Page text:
GRC convergence occurs when GRCgroups reach consensus on the combinationof tools, practices, framework(s) andcommon language(s) to adopt, as wellas a common software platform to use tosupport assessment and reporting.The outcome of GRC convergence isthat internal audit, risk management andcompliance will leverage information andprocesses into a unified framework thatwill dramatically:

  • streamline processes;
  • increase assurance reliability;
  • increase information quantity andquality;
  • decrease operational cost; and
  • contribute directly to better businessperformance..

The best-practice approach

GRC convergence requires a set of decisionrules to guide what information must be gatheredand how it will be gathered. The decisionrules include both defining risk types toassess, and the risk thresholds to drive thedepth and quality of the review. They shouldinclude the thresholds beyond which riskswould require mitigation or other management,definitions of what controls requiretesting, and the rules governing the creationof issues for reporting and resolution.While there is no single path to GRCconvergence, there is an emerging set of bestpractices to implement the methodologies,frameworks, taxonomies and technology toensure successful and speedy deployment.The foundation of these best practices lieswith four key elements:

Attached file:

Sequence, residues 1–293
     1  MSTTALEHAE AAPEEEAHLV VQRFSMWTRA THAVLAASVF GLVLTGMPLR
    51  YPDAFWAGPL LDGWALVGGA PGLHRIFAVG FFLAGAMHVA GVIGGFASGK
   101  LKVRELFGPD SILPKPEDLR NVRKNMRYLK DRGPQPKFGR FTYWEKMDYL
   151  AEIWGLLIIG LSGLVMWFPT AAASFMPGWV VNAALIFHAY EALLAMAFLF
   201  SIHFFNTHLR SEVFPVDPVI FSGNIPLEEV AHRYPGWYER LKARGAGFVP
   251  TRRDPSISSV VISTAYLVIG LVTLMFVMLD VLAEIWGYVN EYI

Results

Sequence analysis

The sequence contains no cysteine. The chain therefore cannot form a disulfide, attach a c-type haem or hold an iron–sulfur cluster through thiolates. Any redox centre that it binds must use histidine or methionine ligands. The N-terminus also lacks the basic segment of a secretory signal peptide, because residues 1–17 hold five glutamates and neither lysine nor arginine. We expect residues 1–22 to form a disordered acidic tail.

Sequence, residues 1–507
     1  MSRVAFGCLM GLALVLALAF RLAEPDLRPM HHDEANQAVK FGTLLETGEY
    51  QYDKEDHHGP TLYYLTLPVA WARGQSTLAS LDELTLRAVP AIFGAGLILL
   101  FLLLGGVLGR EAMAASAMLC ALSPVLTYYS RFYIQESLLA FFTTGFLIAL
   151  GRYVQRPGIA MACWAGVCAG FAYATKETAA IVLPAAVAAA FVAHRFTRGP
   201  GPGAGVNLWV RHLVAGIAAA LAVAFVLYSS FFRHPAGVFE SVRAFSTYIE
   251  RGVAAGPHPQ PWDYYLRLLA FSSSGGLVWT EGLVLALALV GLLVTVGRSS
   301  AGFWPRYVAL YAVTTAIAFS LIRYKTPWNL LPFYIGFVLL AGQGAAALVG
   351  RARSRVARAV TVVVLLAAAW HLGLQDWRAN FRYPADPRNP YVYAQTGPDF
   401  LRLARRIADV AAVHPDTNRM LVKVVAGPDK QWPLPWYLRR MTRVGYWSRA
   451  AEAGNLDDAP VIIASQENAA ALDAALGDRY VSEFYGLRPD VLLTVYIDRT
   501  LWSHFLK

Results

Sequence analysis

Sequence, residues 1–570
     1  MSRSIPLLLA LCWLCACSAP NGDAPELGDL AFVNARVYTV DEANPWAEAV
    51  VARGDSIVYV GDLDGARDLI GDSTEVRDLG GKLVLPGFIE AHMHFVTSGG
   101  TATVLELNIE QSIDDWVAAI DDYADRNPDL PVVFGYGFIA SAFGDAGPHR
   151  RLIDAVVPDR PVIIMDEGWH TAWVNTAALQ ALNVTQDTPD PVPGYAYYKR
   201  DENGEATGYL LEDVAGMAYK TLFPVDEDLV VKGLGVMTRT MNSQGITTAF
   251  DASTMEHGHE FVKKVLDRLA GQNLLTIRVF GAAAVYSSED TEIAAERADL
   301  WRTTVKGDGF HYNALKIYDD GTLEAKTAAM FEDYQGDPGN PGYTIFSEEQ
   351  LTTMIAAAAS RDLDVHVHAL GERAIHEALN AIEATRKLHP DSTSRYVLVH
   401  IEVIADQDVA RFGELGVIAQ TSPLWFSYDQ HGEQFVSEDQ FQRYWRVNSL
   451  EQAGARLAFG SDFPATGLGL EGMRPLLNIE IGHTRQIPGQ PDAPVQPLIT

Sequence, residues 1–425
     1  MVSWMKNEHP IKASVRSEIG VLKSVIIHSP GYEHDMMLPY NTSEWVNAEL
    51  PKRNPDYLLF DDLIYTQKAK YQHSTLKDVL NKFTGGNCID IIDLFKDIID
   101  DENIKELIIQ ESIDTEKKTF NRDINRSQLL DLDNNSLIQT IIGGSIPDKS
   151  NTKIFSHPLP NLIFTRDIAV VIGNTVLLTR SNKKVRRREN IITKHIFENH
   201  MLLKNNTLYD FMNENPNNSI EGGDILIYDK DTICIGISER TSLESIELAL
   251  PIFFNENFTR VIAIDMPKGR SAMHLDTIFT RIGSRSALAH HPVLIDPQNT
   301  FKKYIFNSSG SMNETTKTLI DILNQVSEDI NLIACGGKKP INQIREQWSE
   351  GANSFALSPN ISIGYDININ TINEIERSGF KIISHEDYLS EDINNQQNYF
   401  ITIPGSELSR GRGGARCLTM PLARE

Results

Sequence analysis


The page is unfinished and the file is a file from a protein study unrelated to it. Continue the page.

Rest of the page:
• Use a GRC blueprint.
  • Establish a GRC competency centreapproach to implementation.
  • increase information quantity andquality;
  • Eliminate the convergence killers.
  • Leverage technology for GRCconvergence.

Use a GRC Blueprint